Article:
First, the claim that we face a greater threat from violent Muslims is simply wrong. Since 9/11, domestic right-wing extremists (white supremacists, anti-government fanatics, etc.) have claimed more American lives than have Muslim extremists. A survey of hundreds of law-enforcement agencies also found higher concern about anti-government groups than about Muslim extremists.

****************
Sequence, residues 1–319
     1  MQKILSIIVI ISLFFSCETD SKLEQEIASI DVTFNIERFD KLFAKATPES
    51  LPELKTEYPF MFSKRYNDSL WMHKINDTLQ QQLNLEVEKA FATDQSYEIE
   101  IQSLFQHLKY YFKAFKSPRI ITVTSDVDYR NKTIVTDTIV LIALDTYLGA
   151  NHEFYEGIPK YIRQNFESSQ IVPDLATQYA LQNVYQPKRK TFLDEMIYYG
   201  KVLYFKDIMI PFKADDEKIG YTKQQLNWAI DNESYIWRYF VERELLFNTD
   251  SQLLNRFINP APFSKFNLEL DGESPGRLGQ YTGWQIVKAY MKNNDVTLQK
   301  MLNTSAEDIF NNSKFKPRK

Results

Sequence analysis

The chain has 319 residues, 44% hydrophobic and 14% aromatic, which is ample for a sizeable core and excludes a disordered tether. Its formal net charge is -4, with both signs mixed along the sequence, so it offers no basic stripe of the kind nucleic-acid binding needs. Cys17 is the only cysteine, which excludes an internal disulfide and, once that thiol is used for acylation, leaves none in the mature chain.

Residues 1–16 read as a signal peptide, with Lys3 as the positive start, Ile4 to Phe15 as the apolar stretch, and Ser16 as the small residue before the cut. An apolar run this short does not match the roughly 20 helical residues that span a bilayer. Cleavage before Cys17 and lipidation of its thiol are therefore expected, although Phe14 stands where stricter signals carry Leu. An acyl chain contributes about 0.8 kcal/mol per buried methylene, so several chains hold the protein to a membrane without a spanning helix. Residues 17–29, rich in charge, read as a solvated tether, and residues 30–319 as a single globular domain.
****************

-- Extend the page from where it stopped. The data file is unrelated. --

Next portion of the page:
Second, if Muslim extremists really did statistically pose a greater threat, would that actually justify targeting Muslims with more security measures? Consider this before you answer: Given the mass-shootings by White people in Columbine, Sandy Hook, Aurora, Charleston, Oak Creek, Seal Beach and now in Oregon, would anyone support searching White people as they go into crowded venues? Considering the vastly more enormous toll gun violence takes on Americans than terrorism, you’d think this would be a more important area to profile if profiling made any sense. Or take this more statistically precise example: According to FBI statistics over the past few years, African Americans are responsible for the majority of robberies in the US. But would anyone in their right mind support a policy where Black people are singled out for scrutiny when entering retail stores? The answer is so obvious as to go without saying, but I’ll say it anyway: No, because we as a society understand that complex societal factors influence crime demographics, and we refuse to stigmatize an entire group when we know the overwhelming majority of them are decent people just like the rest of us.